Theater Review: Alessandra Ferri and Herman Cornejo in ‘Ch?ri’ at the Signature

December 9th, 2013

Sara Krulwich/The New York Times

Ch?ri Sexual and psychological rapture: Alessandra Ferri and Herman Cornejo in the premiere of Martha Clarke’s operate at the Pershing Square Signature Theater.

The rapture of sexual love and the disorienting soreness of parting are seen as by means of frosted glass in “Ch?ri,” a drastically muted but gorgeously danced new work from the choreographer Martha Clarke, based mostly on the titular novella by Colette.

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Sara Krulwich/The New York Times

Tensions in excess of a son: Alessandra Ferri, left, and Amy Irving in “Ch?ri,” Martha Clarke’s new perform at the Signature Theater.

The entrancingly luminous dancing was to be anticipated. “Ch?ri” stars the excellent ballerina Alessandra Ferri, who formally untied her toe footwear some several years in the past but has not entirely abandoned the stage. Transferring with the gorgeous fluidity of silk rippling in a breeze, she portrays a Parisian female embroiled in a passionate affair with a male roughly half her age in Ms. Clarke’s most current hybrid of dance and theater, which opened on Sunday night at the Pershing Sq. Signature Center. Playing the impetuous lover who abandons Ms. Ferri’s character to contract a suited marriage is Herman Cornejo, a principal dancer at American Ballet Theater and an additional enormously gifted performer.

For dance aficionados, “Ch?ri” gives an irresistible likelihood to come across beloved performers in a new context and to view their artistry with a new intimacy. Mr. Cornejo and Ms. Ferri never danced together for the duration of their couple of overlapping years at American Ballet Theater, but equally are expressive dancers who can express nuances of sensation via refined gestures, a expertise not constantly cultivated (or needed) in classical ballet.

“Ch?ri,” conceived, choreographed and directed by Ms. Clarke, is not fully wordless. Amy Irving portrays a 3rd character, Charlotte, the mother of Mr. Cornejo’s character, the “dear” (ch?ri) of the title, who is considerably less than delighted when her son’s infatuation with Ms. Ferri’s Lea, Charlotte’s greatest friend, turns into a steady romance rather than a youthful indulgence.

“Still in every single other’s arms soon after all these a long time,” she muses in the initial of four limited monologues (tailored from the ebook and its sequel, “The Last of Ch?ri,” by the playwright Tina Howe). “Was he my reward to her? Or did she just take him from me? Who understands? These things happen,” she concludes, with a shrug. Intermittently Ms. Irving’s Charlotte returns to update us on the progress of the romance. She succeeds in prying Ch?ri from Lea’s arms so that he can profitably wed, but the sexual and psychological rapture the enthusiasts shared continues to be an ineluctable drive, drawing them together even when their hearts or heads inform them to transfer on.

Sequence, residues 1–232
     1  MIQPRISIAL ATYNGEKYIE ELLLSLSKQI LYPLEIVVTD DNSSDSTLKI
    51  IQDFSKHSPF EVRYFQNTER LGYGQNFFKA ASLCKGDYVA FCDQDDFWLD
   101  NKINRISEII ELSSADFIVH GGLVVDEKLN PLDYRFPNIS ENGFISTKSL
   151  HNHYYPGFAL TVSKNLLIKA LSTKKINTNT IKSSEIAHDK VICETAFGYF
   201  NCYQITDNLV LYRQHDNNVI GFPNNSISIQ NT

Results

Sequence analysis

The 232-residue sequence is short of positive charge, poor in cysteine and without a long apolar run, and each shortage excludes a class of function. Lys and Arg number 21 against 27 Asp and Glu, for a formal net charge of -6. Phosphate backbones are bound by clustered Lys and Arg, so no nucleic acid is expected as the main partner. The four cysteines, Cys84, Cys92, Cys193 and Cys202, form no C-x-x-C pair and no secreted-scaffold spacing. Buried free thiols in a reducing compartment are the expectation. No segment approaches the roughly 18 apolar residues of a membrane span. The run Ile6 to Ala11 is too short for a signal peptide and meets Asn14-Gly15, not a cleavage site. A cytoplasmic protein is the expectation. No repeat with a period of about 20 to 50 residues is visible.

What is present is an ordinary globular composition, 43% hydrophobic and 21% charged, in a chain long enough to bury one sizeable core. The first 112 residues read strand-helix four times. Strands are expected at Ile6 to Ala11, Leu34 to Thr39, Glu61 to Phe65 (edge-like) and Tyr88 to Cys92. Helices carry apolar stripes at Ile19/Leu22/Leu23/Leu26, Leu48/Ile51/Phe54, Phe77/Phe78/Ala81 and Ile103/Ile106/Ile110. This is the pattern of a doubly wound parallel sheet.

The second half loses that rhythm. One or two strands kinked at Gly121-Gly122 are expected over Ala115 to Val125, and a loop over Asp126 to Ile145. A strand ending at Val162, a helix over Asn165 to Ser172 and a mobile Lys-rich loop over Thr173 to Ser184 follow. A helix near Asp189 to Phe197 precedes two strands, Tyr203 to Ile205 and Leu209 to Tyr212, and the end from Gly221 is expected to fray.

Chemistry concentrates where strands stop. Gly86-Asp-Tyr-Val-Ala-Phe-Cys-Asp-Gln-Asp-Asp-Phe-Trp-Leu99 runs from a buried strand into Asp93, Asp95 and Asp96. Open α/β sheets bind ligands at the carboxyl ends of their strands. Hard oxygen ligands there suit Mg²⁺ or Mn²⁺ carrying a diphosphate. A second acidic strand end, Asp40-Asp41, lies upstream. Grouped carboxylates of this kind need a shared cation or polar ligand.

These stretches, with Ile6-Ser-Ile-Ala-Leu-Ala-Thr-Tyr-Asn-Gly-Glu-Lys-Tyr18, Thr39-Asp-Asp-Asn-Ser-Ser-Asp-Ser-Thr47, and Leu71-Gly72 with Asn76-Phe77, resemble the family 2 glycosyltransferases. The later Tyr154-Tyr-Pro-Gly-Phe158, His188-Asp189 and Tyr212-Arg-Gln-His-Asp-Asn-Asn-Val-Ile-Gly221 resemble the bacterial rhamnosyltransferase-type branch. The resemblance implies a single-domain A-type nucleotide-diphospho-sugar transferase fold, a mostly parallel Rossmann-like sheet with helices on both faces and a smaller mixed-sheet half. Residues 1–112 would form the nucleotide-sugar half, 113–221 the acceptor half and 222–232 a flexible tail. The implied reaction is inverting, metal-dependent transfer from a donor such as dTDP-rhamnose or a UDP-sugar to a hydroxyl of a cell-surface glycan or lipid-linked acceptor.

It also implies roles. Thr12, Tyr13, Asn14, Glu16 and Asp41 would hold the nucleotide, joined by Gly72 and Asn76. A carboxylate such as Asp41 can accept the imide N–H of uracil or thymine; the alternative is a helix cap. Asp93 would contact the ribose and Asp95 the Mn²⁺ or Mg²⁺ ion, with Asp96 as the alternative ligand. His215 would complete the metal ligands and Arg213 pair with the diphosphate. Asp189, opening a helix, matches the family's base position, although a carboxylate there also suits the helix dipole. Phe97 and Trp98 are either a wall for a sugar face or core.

This passion is expressed totally in dance, in a series of pas de deux and solos that chart the development of their love. Initial, there is the sweet, hazy morning right after, as Lea and Ch?ri rise from a sloppy mattress and playfully flit around the place, investing a long string of pearls that the vain young Ch?ri has snatched from his lover. After the information of Ch?ri’s marriage has been introduced, a coolness transforms their effortless intimacy into one thing far more difficult: Lea gracefully sheds the youthful abandon that her youthful lover experienced awakened in her and have to be coaxed back into an psychological rapport that, even so, finishes with a recommendation that their affair has run its system. Following Ch?ri has left her, Ms. Ferri’s Lea releases the unhappiness she held in verify in his existence, in a solo that finds her tossing herself about the walls and onto the floor in a heedless in shape of despair.

Ms. Clarke, whose prior dance-theater operates consist of “The Garden of Earthly Delights” and “Vienna: Lusthaus,” has choreographed for ballet companies and surely shows a competent proficiency at fitting classical (or classically based) steps to tunes. The properly-selected songs for “Ch?ri” contains piano pieces by Ravel, Debussy and Poulenc, amid other interval-acceptable composers, alongside with numerous selections from the lesser-identified Spanish composer Federico Mompou the audio is elegantly played onstage by Sarah Rothenberg.

But that tempestuous solo for Ms. Ferri marks 1 of numerous passages in “Ch?ri” in which Ms. Clarke’s choreography comes across as generic or trite. Mr. Cornejo’s character later has his personal woe-sodden solo, which employs nearly the same vocabulary: he, way too, finishes up rolling close to on the floor in an excessive of despair. The duets that kind the heart of “Ch?ri” at times suffer from a related reliance on the obvious: to convey passion, the fans enclose each and every other in a devouring embrace or move by means of swirling, informal waltzes. Ms. Ferri’s Lea is regularly borne aloft in a sequence of lifts expressing the heady highs of sexual rapture. (The good friend I observed the demonstrate with, a veteran of the ballet world, expressed my reservations about the choreography when he observed that “Ch?ri” felt like an endlessly elongated pas de deux from a single of Kenneth MacMillan’s ballets this was not supposed as a compliment.)

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